In the QA world, creating test cases with your customer in mind is critical. Many businesses rely on push notifications to engage and retain their audience, so testing and verifying that notifications work as expected is important.
This guide explores five Android push notification test cases that should be included in any test plan and be ready to run in smoke tests. To ensure that users will receive your push notifications when and as intended, you should ensure your test plan can confirm all of the following:
- Push notifications work in all states.
- Deep links work when clicked.
- Notifications work for multiple languages and time zones.
- Haptics work as intended.
- Customers get push notifications when not logged in.
These test cases mimic scenarios that occur in your customers' daily lives and have a significant impact on your product. In addition, appropriate testing of these cases will ensure good coverage throughout the notification lifecycle and knock off a few edge cases threatening to bypass unnoticed.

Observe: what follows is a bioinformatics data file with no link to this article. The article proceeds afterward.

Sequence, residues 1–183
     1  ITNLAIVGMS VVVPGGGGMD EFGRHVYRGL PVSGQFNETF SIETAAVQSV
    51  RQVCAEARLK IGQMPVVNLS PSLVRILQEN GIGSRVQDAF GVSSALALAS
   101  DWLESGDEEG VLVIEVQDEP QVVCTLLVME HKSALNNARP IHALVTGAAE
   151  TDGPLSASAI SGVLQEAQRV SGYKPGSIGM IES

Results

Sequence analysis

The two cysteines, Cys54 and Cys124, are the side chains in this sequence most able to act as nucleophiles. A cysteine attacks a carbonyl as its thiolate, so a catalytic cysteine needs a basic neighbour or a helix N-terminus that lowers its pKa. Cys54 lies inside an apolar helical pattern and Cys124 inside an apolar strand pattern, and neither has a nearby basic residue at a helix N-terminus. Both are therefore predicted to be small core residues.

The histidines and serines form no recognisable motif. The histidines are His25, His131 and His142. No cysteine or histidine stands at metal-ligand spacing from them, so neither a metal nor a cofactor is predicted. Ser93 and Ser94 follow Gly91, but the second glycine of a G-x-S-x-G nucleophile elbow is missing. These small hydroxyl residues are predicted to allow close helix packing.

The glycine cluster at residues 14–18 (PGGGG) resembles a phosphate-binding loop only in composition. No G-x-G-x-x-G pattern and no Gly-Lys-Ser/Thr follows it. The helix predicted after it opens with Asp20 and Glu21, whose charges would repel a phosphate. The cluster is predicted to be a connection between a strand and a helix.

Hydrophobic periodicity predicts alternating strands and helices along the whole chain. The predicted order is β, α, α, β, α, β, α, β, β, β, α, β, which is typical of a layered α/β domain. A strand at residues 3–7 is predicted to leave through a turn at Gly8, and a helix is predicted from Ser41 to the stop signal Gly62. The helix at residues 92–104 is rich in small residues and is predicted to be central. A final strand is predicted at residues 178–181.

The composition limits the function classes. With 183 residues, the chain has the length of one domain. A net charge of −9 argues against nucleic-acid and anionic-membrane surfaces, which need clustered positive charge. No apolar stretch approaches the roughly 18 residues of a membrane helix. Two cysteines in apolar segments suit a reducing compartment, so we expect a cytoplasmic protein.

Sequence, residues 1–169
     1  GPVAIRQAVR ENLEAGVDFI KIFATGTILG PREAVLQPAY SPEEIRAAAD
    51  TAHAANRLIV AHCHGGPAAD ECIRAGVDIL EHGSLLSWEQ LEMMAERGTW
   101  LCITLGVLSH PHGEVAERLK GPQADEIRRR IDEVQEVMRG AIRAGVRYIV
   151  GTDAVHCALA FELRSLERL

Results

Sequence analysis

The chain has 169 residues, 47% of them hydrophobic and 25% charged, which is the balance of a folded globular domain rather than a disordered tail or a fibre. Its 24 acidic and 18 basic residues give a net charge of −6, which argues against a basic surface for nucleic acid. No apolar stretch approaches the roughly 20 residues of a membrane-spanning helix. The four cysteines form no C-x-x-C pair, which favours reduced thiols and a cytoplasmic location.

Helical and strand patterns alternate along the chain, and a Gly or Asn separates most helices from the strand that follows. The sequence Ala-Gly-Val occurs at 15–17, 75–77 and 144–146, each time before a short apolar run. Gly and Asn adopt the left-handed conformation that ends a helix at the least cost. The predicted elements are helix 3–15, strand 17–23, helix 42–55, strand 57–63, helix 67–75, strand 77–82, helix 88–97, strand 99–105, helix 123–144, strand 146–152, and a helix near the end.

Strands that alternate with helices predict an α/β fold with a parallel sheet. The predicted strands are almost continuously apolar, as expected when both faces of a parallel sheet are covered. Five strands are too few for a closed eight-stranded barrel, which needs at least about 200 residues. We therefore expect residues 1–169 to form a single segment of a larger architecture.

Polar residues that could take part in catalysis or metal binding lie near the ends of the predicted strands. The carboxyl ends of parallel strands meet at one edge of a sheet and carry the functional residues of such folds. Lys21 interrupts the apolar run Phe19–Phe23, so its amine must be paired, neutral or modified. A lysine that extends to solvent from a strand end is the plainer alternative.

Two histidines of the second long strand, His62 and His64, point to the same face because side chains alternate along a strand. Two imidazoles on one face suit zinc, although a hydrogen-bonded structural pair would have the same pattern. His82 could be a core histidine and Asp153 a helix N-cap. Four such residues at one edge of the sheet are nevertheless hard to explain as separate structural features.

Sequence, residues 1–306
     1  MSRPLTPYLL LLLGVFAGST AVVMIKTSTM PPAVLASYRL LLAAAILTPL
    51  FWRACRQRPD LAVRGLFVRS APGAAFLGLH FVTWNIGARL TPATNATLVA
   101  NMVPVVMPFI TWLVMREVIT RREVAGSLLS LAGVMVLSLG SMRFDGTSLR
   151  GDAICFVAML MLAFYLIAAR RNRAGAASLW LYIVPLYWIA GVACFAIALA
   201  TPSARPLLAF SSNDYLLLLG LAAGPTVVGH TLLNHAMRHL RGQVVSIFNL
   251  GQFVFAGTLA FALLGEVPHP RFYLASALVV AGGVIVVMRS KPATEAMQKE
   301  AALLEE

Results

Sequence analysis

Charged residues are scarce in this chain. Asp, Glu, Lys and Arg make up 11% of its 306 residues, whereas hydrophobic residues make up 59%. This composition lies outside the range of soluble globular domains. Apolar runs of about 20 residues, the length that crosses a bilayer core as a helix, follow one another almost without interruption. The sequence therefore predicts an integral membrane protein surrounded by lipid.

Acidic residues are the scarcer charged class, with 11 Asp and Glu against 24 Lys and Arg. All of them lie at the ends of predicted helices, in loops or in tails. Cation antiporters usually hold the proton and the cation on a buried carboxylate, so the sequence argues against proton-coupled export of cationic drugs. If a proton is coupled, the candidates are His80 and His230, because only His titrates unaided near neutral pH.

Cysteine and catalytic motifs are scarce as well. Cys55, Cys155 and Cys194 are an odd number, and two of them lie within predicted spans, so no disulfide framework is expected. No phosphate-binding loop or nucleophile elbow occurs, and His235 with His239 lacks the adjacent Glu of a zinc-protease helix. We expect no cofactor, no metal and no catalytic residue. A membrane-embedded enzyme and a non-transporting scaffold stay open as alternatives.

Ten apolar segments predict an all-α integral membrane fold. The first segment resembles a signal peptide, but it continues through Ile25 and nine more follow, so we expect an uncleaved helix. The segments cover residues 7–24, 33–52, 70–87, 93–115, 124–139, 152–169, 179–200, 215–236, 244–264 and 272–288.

1. Push Notifications Work in All States
Verifying that push notifications work in all states is the most basic and most important test case. If you can't verify that push notifications work in common states–e.g., locked, unlocked, app running in background or not–your delivery system has a fatal flaw.
The app you build will be in different states throughout the day. And if you need notifications delivered consistently, your delivery mechanism must work regardless of your app's state.
Most importantly, depending on your business model, push notifications can drive revenue generation. If your customers don't see your notifications, you lose subscribers and potential leads. Getting push notifications is equally important whether the customer's phone is idle or in use, as these states occur consistently throughout the day.
Therefore, if you're part of an Android development team, verifying if a notification is present when a device is unlocked is also recommended and requires minimal code.